Eat Your Food, the full-length debut from Brooklyn transplants Smitty! and witSmusic, is distinguished by its pockets. Sometimes these pockets are a function of the production duo’s syncopated drums, which lay the framework for witS’s breakneck raps. More often, witS takes advantage of negative space and creates his own, dicing bars into whipsawing rhyme patterns with a surgeon’s precision. He Eat Your Food‘s more expansive tracks, the instrumentals dissolve into discrete elements, allowing witS’s vocals to take on a percussive quality. The result is like a trusty pair of cargo shorts: ductile and utilitarian, if not the flashiest piece in the wardrobe.

An accomplished drummer in addition to his vocal and production work, witS tackles complex flows with mathematical rigor. “Numbin” alternates rhymes on the one and four, with bass and clap drums emphasizing the upbeats. On “Seat 4 Da Cause,” witS’s triple-time flow mirrors the accented snare, maintaining sharp enunciation through a series of tempo shifts. His low, resounding voice pairs with the soft keyboard synths of “Respek,” his percussionist’s instincts evident in transitional pauses and rapid-fire syllabic fills alike.

There’s a whiff of the avant-garde in the duo’s arrangements, yet Eat Your Food feels deeply conscious of its lineage. “God’s Child” layers Rhodes keys over crunchy drums with an SP-1200’s warmth, evoking the treble-heavy sonics of Breaking Atoms and A Wolf in Sheep’s Clothing. From there, you can trace a line through the alt-rap milestones of the ’90s and 2000s. On the title track, witS’s righteous affect recalls the turn-of-the-century backpack scene, whereas “Try Again” resembles the moodier digressions of Binary Star and Diamond District. The album’s sparer productions have an industrial, found-elements quality reminiscent of New York’s Karma Kids and Backwoodz Studioz crews.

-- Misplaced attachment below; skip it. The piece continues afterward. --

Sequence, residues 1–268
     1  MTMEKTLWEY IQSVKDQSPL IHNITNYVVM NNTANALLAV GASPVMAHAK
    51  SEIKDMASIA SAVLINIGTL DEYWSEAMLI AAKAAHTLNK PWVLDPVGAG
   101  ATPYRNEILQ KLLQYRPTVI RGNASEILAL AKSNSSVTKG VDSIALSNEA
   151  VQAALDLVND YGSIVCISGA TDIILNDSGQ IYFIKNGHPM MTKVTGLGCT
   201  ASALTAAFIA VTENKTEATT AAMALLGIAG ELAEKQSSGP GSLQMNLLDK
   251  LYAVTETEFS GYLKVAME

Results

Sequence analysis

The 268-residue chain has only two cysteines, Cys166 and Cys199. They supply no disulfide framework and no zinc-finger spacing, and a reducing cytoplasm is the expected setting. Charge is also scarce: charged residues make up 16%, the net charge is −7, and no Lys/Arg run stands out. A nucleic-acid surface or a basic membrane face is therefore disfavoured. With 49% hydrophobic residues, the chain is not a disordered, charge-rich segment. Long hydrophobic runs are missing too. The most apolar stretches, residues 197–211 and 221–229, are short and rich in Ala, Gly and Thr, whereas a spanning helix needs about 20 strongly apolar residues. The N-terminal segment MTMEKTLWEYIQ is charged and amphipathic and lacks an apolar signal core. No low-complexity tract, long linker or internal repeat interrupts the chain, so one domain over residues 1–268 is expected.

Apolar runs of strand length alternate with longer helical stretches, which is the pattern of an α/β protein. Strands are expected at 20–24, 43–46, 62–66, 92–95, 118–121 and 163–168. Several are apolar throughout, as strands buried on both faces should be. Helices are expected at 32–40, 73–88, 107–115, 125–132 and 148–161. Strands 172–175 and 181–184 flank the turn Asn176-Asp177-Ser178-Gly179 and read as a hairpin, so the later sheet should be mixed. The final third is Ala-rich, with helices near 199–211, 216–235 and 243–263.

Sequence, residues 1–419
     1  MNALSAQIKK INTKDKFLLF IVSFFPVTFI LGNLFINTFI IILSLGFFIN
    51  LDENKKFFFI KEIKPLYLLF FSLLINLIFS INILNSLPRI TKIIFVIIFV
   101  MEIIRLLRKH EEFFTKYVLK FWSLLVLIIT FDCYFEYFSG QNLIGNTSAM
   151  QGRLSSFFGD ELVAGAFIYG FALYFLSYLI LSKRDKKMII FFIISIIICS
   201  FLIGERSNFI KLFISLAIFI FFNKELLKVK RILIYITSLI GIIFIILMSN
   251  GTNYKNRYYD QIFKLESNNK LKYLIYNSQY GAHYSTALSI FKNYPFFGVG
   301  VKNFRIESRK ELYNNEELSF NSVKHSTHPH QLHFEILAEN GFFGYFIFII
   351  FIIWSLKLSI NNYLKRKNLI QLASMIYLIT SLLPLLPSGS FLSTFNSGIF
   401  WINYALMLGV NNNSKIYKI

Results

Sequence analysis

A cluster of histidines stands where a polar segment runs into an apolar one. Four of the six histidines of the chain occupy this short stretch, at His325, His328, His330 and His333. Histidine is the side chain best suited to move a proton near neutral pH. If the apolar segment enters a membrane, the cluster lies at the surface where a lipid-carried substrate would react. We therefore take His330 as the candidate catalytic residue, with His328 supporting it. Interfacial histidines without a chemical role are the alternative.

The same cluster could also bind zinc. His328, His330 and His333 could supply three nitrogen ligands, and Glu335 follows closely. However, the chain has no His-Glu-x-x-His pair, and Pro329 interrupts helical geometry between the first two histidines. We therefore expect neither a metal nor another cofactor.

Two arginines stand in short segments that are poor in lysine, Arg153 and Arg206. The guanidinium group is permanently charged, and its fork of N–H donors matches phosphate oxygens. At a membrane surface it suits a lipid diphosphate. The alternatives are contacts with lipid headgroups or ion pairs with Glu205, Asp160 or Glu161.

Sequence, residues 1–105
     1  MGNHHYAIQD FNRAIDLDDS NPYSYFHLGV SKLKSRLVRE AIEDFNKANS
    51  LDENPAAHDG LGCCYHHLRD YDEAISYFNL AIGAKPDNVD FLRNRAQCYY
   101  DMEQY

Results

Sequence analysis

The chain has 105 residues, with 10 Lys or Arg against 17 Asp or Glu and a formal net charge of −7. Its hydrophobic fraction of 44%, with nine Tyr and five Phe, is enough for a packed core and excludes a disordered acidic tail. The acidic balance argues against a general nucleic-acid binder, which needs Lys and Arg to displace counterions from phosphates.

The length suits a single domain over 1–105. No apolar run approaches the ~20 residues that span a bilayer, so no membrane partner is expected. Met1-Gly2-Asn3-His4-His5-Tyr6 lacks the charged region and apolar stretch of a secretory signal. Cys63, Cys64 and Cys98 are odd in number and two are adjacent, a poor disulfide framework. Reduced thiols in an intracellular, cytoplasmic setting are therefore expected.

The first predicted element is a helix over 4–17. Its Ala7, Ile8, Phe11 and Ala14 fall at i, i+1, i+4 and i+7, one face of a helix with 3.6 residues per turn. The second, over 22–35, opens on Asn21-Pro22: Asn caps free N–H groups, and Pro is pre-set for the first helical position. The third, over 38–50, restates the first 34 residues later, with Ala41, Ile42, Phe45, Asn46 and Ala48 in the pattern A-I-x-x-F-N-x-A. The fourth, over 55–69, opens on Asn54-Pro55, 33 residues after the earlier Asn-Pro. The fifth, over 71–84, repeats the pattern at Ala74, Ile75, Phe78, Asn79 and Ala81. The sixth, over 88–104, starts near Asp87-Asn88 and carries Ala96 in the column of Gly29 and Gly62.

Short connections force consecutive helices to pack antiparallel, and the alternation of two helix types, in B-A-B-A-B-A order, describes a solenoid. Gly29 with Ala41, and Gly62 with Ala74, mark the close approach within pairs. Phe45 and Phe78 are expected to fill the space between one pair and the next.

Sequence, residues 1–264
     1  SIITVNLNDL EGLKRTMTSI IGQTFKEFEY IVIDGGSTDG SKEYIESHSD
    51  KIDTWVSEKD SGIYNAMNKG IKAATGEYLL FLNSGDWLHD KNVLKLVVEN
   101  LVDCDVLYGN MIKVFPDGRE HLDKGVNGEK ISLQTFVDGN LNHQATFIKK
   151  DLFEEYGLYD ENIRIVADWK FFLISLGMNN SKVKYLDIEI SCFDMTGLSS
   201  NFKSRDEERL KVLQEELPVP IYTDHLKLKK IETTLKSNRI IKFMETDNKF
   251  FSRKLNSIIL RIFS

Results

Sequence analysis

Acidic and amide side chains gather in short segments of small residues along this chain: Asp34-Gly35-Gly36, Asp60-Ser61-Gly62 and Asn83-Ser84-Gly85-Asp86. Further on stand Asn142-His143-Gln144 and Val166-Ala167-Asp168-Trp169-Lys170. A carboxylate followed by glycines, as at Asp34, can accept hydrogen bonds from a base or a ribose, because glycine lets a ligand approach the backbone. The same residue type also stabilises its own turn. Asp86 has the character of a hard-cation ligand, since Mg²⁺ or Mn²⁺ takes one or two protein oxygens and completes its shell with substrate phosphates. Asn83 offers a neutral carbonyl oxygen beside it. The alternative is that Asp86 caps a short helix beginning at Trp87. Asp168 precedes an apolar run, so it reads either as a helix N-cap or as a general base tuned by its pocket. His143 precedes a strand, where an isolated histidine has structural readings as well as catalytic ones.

The formal discursions throughout the project make for some of Eat Your Food‘s most compelling moments, even if the duo’s weirder impulses are only visible in glimpses. “Fall Off” and “Numbin” are buoyed by their tricky melodies, while the instrumental breakdown on “Try Again” features a stand-up bass and accordion synth. The juxtaposition of these abstract methods with old-fashioned ethic makes for an offbeat charm. With its state-of-the-rap-union concept, “Co Exist” might have been a drag, but the song’s structural pivots are thrilling. The title track’s social commentary is similarly upbeat without being overly pedantic: “Every day above ground is a good day / Lemons into lemonade, that’s the Black way / Separate the bullshit, and now we happy.”

On occasion, Eat Your Food feels tethered to tradition in a way that prevents witS and Smitty! from making a bolder statement, but there’s something fairly radical about a pair of earnest rap nerds so devoted to the nuts and bolts. The album’s two big-ticket guest appearances are instructctive. Quelle Chris, who appears on “Hurry Up,” is a looser performer than witS, able to convey more in fewer words; Bruiser Wolf’s flamboyance on “Modern Day” renders his collaborators humble by comparison. Yet witS punches his weight on both tracks, flashing mechanics where Wolf and Quelle opt for stylistic grandeur. As a duo, witS and Smitty! are painstaking students who’ve clearly studied the right texts.

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